When I asked John about his retirement plans he said “I am going to do lots of stuff around my home and around my town.”  John also wants to stay in touch with his friends at NFPA and will be rooting for NFPA’s success. 

We all wish John a happy & healthy retirement and thank him for all his hard work!  Congratulate John on his retirement by sending him an email

8F251904FEBE4CBF933714049E4EBC32Most building occupants are trained to evacuate as soon as fire alarm system activates. In some industrial occupancies, however, that might not be feasible, says Ron Coté in his new column “First Things First” in the March/April issue of NFPA Journal. Fortunately, NFPA 101®, Life Safety Code®, provides requirements for protecting such personnel and helping ensure that, when they are ready to leave the building, a safe route will be available.

Such requirements demonstrate a feature of NFPA 101 that makes it so effective: its occupancy-based format. Each occupancy chapter of NFPA 101 recognizes the characteristics of the occupants and the functional needs of the occupancy, and tailors its requirements accordingly. This means that life safety requirements do not interfere unnecessarily with an occupancy's day-to-day operations—just one reason the code is so widely used.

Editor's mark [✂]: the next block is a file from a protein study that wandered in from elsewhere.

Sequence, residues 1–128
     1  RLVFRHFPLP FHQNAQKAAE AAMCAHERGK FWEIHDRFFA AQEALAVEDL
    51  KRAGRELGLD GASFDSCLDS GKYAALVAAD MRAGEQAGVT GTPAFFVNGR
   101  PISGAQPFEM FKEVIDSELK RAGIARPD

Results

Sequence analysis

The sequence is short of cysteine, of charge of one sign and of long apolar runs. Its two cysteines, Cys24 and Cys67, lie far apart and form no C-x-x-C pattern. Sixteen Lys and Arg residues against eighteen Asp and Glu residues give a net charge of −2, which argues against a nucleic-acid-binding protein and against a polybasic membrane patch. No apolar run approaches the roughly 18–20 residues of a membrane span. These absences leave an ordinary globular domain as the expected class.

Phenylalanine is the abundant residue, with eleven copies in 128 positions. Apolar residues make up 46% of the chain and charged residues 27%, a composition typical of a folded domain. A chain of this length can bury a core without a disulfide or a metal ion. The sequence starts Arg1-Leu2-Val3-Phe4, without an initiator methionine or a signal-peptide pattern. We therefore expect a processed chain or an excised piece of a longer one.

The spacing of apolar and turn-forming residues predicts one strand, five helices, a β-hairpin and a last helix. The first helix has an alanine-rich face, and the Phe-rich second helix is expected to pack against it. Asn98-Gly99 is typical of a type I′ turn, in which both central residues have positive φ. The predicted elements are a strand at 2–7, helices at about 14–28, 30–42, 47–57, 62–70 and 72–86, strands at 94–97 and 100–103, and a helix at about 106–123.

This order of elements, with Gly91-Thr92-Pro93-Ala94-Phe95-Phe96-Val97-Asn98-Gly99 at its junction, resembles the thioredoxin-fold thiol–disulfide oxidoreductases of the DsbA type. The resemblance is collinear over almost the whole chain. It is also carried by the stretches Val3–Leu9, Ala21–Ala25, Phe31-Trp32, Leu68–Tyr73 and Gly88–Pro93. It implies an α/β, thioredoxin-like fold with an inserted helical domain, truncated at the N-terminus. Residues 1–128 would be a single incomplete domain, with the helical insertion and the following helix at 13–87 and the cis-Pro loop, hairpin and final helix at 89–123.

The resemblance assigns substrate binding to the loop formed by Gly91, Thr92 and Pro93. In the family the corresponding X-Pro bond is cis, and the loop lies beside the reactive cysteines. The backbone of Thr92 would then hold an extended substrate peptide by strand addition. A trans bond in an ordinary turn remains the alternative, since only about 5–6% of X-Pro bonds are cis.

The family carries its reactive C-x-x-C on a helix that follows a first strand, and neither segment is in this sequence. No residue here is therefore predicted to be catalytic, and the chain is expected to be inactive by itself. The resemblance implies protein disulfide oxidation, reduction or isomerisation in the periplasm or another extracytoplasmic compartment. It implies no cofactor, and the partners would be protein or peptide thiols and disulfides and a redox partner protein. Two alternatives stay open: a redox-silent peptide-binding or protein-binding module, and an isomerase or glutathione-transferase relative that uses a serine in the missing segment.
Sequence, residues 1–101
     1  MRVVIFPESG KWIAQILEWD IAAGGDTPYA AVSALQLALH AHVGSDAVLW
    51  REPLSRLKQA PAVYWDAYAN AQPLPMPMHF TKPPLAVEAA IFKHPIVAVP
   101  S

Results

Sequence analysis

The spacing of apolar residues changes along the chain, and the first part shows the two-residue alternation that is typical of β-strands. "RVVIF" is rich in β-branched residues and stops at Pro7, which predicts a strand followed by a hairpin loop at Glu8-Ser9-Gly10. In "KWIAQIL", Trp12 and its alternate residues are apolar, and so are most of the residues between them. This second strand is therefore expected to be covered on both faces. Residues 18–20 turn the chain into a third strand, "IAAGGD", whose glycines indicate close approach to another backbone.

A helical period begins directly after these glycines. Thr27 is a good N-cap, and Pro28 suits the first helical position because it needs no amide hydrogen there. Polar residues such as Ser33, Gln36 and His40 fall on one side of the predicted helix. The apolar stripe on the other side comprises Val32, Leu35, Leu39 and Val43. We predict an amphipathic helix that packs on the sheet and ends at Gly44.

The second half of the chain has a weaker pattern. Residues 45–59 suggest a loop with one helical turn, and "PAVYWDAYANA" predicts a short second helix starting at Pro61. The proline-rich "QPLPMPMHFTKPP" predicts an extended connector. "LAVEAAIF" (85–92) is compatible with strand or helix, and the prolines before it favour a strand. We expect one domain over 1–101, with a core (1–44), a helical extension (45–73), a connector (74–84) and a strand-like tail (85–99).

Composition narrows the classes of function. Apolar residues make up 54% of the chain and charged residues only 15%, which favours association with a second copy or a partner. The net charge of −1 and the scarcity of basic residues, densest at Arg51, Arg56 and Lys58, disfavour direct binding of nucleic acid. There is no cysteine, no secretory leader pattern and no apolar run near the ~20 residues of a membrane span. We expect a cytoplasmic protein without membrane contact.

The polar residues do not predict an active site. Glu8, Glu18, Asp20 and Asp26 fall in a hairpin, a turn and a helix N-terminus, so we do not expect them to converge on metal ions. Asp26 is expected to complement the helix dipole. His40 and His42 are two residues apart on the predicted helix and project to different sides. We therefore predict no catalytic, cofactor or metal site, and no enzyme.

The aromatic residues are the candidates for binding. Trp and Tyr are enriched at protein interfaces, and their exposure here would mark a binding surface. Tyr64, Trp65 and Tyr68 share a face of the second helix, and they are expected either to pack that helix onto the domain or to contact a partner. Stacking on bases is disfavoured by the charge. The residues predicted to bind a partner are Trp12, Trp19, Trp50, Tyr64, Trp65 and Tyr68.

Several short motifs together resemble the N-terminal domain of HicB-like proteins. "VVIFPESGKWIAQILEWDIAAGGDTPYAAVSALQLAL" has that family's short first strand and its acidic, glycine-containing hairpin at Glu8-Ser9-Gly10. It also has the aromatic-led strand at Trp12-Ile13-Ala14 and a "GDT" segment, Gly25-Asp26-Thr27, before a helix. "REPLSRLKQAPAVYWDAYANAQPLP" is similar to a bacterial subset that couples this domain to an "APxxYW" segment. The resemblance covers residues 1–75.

06AC06D0B76B43049A52EBCD3F76555FNFPA Journal columnist Wayne Moore was interested in a recent post on one of NFPA’s LinkedIn pages that asked how far smoke detectors should be installed from fluorescent light fixtures, presumably to avoid electromagnetic interference. Commenters could give no concrete answers except to confirm that the 2013 edition of NFPA 72®, National Fire Alarm and Signaling Code, did not contain an answer, either. So where, Wayne asks in his column “Proximity Question,” does one look for help?